Coping with Climate Change
Josh Fox, who made Gasland, joins Pacific Island activists in handmade canoes surrounded by sharks below and police boats above in one scene of his new documentary, How To Let Go of the World and Love All the Things Climate Can’t Change. As they try to obstruct a ship carrying coal, a major source of greenhouse gases, Fox’s canoe capsizes. He tosses his camera to a comrade who catches it, saving the day’s video footage and typifying the film’s motif of hope, defiance, and humor amid gloom: The island is being submerged in water as the ocean rises because of climate change. But Fox joins the activists in singing and dancing as they celebrate delaying a coal delivery for one more day.
The film follows Fox to activist enclaves from the Amazon to the Arctic, places where environmental destruction is rampant and insidious. In China, metropolitan areas look perpetually foggy with smog, and industrial spills poison the Amazon River around which forests are denuded. Fox also tours global warming disasters close to home, as coastal cities become vulnerable. He points to a house where a woman drowned when the Atlantic Ocean overwhelmed her in her living room in Queens during Hurricane Sandy. He interviews a man in whose house the only item left intact was his Santa Claus suit.
However, Fox also interviews Aria Doe at the Action Center nearby, a grass roots organization to assist the low income community with food, education, and other support. She was there, she said, “Because I knew no one else was coming.”
In a post-apocalyptic scene, Fox showed her alone in a large empty space at the Action Center, and then, in a similarly vacuous space, a man singing.
Activists singing and dancing recur in the film, signaling the value and vitality of community organizing despite grim forecasts. Fox notes his own despair in response to predictions that 30-50 percent of species will be lost along with disappearing forests. “What will climate change not destroy?” Fox asks. “People who got back up from despair.”
Those are the people whose efforts Fox documents in the film’s international tour of global warming damage, and those are the kinds of people for whom he will hold screenings across the U.S., he said at the East Coast premiere in Sugar Loaf in March. The auditorium was full of ardent anti-fracking activists, who allied themselves with Fox when he made Gasland.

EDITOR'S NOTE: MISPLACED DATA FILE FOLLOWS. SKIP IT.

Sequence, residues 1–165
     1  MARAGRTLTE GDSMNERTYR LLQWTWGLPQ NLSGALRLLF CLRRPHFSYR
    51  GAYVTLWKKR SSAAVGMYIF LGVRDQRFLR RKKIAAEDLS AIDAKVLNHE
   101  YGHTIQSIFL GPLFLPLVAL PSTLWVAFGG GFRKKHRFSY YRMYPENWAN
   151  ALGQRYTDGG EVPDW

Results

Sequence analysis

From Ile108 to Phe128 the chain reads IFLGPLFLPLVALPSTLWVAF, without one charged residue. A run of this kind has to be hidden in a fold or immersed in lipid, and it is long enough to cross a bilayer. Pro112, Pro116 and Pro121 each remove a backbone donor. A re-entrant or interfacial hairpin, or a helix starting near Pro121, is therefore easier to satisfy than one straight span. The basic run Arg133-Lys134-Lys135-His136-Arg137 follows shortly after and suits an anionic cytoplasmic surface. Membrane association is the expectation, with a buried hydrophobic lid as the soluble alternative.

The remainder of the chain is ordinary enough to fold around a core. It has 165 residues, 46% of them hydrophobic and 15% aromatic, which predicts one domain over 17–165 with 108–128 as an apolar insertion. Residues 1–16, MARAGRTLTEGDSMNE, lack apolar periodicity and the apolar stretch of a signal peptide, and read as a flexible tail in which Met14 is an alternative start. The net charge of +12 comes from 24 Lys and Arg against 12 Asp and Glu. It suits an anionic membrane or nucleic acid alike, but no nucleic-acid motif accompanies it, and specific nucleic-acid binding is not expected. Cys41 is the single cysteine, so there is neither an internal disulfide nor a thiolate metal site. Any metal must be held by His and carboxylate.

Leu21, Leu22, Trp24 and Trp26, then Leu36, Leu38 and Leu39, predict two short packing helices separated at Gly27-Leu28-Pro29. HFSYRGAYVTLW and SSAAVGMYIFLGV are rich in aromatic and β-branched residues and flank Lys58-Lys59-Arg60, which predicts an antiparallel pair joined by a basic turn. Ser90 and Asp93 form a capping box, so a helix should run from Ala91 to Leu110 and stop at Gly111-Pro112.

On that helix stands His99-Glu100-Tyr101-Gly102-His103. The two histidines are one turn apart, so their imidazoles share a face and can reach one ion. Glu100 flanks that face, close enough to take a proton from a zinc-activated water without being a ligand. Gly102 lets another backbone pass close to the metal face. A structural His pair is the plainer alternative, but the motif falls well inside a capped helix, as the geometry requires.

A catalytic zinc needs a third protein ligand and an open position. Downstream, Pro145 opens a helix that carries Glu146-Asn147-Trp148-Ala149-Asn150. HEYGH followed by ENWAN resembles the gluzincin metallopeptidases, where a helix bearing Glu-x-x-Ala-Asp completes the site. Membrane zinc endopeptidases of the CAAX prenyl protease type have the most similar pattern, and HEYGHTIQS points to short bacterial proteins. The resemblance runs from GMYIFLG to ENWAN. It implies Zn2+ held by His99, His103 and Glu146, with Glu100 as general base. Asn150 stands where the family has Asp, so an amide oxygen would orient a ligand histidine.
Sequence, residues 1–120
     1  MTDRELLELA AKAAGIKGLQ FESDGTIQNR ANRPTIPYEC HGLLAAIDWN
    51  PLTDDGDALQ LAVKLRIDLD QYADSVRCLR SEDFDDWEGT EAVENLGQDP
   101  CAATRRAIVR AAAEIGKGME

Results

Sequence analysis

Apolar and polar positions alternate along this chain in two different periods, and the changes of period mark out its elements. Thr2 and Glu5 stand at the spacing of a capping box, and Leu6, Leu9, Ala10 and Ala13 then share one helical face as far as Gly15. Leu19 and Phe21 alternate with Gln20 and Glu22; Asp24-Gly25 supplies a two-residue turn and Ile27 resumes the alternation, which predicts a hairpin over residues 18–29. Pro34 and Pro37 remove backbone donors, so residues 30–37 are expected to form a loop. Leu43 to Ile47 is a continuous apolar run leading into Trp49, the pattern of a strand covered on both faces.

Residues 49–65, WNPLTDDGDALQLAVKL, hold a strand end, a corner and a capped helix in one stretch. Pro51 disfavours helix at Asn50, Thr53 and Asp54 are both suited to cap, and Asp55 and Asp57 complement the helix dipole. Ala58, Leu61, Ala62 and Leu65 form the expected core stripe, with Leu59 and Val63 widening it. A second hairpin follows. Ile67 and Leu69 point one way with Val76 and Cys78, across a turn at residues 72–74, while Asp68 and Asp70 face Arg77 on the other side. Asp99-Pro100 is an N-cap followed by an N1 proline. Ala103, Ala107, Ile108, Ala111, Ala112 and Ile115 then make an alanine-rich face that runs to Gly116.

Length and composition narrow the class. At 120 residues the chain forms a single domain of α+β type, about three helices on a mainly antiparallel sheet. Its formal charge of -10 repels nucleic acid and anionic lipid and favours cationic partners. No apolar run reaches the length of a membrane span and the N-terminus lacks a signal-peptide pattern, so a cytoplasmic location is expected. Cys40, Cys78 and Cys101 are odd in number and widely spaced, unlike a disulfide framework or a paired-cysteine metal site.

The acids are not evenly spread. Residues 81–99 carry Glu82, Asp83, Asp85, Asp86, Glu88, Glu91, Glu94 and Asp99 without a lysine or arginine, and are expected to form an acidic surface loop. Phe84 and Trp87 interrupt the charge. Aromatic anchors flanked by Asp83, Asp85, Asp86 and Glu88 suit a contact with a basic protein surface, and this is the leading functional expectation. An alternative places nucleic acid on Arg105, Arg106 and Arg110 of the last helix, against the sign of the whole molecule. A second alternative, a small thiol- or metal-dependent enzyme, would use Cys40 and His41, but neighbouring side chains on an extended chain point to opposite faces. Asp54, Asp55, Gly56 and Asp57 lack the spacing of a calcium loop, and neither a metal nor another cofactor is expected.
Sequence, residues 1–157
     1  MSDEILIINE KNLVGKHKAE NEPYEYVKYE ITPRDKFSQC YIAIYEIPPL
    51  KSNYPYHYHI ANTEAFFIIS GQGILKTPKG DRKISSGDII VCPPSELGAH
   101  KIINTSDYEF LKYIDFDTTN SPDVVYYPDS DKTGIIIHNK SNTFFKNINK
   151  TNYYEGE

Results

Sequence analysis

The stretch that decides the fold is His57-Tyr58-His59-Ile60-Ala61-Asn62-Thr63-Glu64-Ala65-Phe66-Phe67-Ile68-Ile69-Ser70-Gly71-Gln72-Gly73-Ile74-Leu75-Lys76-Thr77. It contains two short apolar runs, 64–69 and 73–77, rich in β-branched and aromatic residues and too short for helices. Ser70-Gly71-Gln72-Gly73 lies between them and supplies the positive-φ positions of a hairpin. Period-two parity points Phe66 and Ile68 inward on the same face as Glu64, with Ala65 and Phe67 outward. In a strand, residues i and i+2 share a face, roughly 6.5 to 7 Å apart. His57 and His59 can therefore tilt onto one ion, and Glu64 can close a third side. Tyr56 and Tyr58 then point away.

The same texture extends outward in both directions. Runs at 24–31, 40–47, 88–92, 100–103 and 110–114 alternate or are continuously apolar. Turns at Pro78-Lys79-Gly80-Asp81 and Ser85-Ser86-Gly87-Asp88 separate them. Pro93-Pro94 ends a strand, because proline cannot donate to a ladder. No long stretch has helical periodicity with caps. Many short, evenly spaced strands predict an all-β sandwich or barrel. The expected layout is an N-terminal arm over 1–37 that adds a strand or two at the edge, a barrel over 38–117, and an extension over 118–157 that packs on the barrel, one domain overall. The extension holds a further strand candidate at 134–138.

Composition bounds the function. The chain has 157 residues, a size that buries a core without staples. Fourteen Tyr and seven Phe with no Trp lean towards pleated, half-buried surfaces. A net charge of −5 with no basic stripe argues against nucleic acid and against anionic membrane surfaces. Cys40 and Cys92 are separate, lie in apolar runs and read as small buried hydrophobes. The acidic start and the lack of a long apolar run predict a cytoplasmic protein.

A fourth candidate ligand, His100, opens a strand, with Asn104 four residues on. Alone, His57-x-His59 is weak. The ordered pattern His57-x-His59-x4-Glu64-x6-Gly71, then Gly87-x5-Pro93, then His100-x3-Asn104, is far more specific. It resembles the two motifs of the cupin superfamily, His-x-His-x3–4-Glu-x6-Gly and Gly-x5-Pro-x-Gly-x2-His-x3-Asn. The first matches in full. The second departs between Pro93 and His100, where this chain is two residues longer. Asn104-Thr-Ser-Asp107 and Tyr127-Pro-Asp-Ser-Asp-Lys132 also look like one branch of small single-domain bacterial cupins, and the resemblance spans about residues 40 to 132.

Fox recalled Gasland’s beginnings near his Pennsylvania home at a meeting of seven activists in Damascus, trying to prevent gas drilling there. Barbara Arrindell, cofounder of Damascus Citizens for Sustainability was well informed, but he realized she needed help informing the public.
“So I did a YouTube video,” Fox said, “and now here I am, three movies later.”
As for being an organizer, Fox said, “I can’t organize a sock drawer. I don’t have one. You need to do what you love and do best that’s needed. When I started making films, fracking was at my door, and I didn’t know what to do.”
At the screening he announced an online kickstarter campaign that would fund showings of How To Let Go in dozens of places on the East Coast and then across the country, where groups of environmental activists invited him. He would be touring until the end of 2016, bringing along activists from the film, such as Aria Doe.
In Sugar Loaf and elsewhere, cards were passed out that audience members could fill out to request an evaluation of their homes.for renewable energy. He encouraged activists to set up home showings of How To Let Go.
Everywhere he went, he said, “I saw a huge build-out of pipelines and power plants. It’s an enormous crisis how much the U.S. has sold out to oil and gas. It’s an unintended consequence of Obama’s energy policies. But we have plans for renewable energy for every state in the nation.”
He noted the way persistence can pan out.
“I knew a guy who talked to everyone he knew about a film he wanted to make,” said Fox. The result was Red Violin, an ambitious, award-winning film.
He announced a dance marathon protest of the nearby CPV gas power plant construction in Wawayanda, and local activists took the stage with him. They decried losses, celebrated wins and pointed out opportunities. Some of those avenues, pursued, would be fruitful.
“Fifteen of us picketing the CPV power plant seemed uphill,” said actor James Cromwell, referring to regular Saturday morning protests there. “But now there’s a full audit spreading exponentially,”
“There’s a federal investigation of undue influence in power plant approvals.We need to make noise over the next two months,” said Pramilla Malick, Cromwell’s cohort activist and picketer at CPV.
Malick had publicized findings about problematic health effects for miles around gas infrastructure, including pipelines, power plants, and compressors, as well as drilling sites.
By May, the federal investigation would appear on the front page of the New York Times.
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